Male American redstart. (Andy Reago and Chrissy McClarren/Wikimedia Commons)

Male American redstart. (Andy Reago and Chrissy McClarren/Wikimedia Commons)

Nature Nut

Rosamund Pojar

American Redstarts are busy nesting and flitting around in our deciduous (aspen, birch and cottonwood) forests. Redstarts are warblers but they behave more like flycatchers as they flit acrobatically from their perches in mid-canopy to catch flying insects.

The mature males are glossy black with bright orange patches on the sides of their breasts, their wings and two on their tails. Sometimes the colour is tinged with red.

Females are greyer in colour with pale yellow patches. The name ‘start’ comes from an old word meaning tail.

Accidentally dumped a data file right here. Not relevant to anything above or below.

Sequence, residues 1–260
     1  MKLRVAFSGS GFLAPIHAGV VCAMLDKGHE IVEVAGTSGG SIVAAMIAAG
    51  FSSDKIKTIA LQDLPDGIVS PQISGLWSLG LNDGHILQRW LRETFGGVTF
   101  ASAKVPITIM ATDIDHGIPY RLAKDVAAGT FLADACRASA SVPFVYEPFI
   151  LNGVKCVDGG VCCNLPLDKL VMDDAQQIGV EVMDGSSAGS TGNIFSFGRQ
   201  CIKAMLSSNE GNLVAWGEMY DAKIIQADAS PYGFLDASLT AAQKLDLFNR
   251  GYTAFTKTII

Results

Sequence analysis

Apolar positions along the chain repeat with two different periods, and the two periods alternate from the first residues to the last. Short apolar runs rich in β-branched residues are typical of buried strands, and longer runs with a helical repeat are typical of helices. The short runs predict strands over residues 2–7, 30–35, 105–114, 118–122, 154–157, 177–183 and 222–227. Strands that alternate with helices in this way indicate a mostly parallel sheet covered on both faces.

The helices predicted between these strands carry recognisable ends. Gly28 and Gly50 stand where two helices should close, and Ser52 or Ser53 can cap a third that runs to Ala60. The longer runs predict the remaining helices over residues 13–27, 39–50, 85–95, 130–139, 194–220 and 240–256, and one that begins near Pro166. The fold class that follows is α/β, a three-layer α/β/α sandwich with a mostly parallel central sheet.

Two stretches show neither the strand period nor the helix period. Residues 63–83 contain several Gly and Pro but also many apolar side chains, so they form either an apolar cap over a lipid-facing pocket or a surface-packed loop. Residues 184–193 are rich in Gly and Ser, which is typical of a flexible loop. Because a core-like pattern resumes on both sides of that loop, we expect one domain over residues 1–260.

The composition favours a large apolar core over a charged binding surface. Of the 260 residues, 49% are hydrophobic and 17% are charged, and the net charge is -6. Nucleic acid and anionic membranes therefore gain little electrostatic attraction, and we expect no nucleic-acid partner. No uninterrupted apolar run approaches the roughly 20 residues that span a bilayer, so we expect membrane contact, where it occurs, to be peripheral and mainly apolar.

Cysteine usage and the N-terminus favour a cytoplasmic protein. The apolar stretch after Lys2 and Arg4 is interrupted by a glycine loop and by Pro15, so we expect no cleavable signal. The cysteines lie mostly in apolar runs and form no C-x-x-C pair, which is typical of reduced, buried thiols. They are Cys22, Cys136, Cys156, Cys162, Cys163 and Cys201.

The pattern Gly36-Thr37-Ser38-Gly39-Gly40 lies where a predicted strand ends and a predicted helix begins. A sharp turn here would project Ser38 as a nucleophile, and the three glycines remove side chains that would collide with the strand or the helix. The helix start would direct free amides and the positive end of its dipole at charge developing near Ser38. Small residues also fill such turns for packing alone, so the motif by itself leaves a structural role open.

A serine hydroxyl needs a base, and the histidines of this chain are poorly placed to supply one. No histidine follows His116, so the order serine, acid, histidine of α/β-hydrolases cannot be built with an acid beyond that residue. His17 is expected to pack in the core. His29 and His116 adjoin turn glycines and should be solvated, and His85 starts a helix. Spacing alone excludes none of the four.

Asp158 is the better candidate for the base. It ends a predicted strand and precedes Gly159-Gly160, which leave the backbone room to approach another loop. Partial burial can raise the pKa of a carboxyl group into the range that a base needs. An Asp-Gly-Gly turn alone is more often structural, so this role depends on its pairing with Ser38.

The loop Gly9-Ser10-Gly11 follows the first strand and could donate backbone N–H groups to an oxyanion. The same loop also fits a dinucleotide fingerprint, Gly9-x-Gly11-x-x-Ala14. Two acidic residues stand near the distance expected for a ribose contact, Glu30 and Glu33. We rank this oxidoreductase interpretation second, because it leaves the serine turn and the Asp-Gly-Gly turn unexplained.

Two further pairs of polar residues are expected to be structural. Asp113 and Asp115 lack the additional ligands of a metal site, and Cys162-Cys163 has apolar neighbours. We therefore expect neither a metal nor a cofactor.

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As they go about flycatching, they fan their tail feathers open and droop their wings to stir up the insects. In doing so, they show the brightly coloured patches, which, when combined with their acrobatic pirouettes, means they resemble butterflies.

Often referred to as “the butterflies of the bird world,” Latin Americans may also call them ‘‘mariposas’’ or, in Venezuela, ‘’candelitas.’’

Their song is highly variable and very frustrating to learn. It is quite wispy and high-pitched compared to other warblers.

They are neotropical migrants that spend the winters in Central America and parts of South America.